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Did Women Create Burqa Culture?

In honor of implementation of the French “burqa ban,” and the brouhaha it is causing from Bill Maher to the New York Times, I repost the following:

The French “burqa ban” has got me thinking. Did women have equal power to create the burqa? And who benefits from this garment?

Some charge that rejecting the burqa comes from fear of the other, or ethnocentrism. I’m in sync with cultural relativism, so long as no one is being hurt. But buqas and “burqa cultures” don’t give women equal power. And women certainly did not have equal sway in creating the customs of these societies.

Think about the laws that exist in places where women are required to cover up in burqas, abayas, niqabs (facemasks) or various other veilings.

Is it likely that women decided that men could easily demand a divorce, but women could get one only with difficulty?

Is it likely that women created the notion that sharing a husband with other women might be fun?

Did women create the idea that an adulterous man be punished by burial up to his waist before being stoned, while a woman must be buried to her breasts – and one who escapes, escapes the stoning?

In these cultures, when a woman is raped it is her fault. She obviously let some hair fall from her covering, or she allowed an ankle to show. Everyone knows that no man could resist such things. Did women decide that women, and not men, are responsible for men’s sexuality?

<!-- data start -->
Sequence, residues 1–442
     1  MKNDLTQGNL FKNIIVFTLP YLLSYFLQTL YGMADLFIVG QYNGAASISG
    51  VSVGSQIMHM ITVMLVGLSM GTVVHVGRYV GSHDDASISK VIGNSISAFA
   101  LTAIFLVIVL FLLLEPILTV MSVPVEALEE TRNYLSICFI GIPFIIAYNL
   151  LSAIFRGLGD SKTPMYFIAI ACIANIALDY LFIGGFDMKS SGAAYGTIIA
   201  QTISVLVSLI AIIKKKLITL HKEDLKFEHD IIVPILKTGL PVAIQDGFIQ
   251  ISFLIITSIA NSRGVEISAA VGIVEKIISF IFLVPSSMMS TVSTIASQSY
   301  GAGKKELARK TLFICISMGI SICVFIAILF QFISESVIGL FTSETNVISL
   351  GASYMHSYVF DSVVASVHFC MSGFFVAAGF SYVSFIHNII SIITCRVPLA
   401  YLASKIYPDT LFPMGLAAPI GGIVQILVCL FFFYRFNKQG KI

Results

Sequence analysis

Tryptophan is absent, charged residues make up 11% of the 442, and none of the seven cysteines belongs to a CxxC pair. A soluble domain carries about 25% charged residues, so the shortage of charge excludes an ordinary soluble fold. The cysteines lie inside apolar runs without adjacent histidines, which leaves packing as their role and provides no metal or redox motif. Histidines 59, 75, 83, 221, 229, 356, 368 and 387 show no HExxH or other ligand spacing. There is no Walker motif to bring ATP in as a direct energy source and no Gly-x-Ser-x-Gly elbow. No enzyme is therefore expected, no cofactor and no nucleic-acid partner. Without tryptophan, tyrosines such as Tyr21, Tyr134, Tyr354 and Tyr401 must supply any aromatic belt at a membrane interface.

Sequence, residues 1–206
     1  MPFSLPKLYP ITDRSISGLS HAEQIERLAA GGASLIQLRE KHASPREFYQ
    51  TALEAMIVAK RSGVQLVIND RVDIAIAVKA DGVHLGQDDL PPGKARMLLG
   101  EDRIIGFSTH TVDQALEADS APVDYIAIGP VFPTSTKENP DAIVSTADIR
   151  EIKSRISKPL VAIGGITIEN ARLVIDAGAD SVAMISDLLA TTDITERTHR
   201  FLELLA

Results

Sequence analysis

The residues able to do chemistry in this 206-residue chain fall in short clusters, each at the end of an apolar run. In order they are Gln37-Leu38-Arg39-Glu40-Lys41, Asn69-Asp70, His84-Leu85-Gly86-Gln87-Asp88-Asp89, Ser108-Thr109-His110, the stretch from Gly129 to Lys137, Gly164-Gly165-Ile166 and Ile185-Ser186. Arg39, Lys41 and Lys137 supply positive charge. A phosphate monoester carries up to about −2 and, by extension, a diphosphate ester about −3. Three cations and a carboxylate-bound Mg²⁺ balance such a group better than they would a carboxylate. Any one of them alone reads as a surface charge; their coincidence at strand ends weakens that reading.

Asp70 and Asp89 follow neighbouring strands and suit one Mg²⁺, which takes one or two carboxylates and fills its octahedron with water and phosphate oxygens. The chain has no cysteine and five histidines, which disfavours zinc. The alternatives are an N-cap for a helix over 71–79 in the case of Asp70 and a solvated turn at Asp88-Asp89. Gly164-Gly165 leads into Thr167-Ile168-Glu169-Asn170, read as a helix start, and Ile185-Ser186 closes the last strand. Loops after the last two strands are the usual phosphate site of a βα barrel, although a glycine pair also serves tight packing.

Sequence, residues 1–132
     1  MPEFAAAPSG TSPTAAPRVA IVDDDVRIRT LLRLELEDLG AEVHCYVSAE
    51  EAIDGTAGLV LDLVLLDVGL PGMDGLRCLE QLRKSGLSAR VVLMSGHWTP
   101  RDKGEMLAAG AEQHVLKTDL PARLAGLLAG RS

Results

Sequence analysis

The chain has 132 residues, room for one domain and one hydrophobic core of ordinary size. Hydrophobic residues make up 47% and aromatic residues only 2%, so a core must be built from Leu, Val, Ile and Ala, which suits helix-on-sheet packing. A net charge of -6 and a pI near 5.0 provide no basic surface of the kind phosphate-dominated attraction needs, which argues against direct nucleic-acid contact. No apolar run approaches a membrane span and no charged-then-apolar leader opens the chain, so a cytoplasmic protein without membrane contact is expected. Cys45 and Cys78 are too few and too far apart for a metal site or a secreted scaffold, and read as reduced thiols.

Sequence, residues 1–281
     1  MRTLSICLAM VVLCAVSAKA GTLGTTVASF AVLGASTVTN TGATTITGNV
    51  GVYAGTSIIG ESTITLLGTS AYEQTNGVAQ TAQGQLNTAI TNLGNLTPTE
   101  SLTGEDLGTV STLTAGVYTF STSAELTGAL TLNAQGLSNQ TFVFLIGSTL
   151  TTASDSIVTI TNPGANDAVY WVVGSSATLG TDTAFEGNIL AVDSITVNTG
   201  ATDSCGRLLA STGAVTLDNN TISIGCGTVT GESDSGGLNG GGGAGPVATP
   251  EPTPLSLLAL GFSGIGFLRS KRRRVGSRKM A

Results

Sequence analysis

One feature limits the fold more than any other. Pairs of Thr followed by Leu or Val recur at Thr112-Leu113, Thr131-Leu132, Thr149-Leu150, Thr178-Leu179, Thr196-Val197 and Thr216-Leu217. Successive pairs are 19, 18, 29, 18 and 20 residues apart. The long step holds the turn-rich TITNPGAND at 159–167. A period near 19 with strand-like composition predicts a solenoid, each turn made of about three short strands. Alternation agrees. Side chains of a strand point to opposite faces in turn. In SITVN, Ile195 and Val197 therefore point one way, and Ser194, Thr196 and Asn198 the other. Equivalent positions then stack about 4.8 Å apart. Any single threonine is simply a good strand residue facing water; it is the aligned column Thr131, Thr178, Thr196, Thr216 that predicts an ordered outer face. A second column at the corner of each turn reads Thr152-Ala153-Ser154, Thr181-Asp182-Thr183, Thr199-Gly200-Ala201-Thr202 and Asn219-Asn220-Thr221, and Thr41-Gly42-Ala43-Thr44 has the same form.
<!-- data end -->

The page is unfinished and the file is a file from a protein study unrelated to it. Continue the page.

Did women originate the notion that after rape, the victim must be killed to restore family honor?

Did women clamor for a burqa that limits their power and autonomy – keeping them from driving in Saudi Arabia and getting jobs that are far from home? Did women design this garment that prevents small pleasures like seeing clearly or feeling the sun and the wind?

And who benefits?

Men benefit from easily obtaining a divorce, but not allowing their wives the same privilege. Men benefit from the sexual variety of having many wives, while women are left to share one man. Men benefit by more easily escaping a stoning. And men can rape with impunity since women fear reporting sexual assault, lest their families kill them. Men gain power when women are incapable of getting jobs and income. How much easier is it to beat women for the infraction of straying outside the home, or letting a wrist show, when they are black or blue blobs, and not human beings?

It is common to make accusations of ethnocentrism when one culture rejects the practices of another. Often the fears are valid.

But if a powerful group creates a culture that benefits themselves to the detriment of others, the critique is not about ethnocentrism. It is about human rights.

Georgia Platts

Related Posts on BroadBlogs
Early Islam’s Feminist Air
Don’t Reject Your Culture, Even When It Mutilates You 
The Burqa and Individual Rights: It’s Complicated

Why Do The “Isms” That Affect Men Seem More Important?

“You’re never going to have this revolution happen unless there’s also a sexual revolution.”

That’s Bill Maher’s verdict on the push for Democracy in Egypt as he discussed the matter on his show, Real Time with Bill Maher.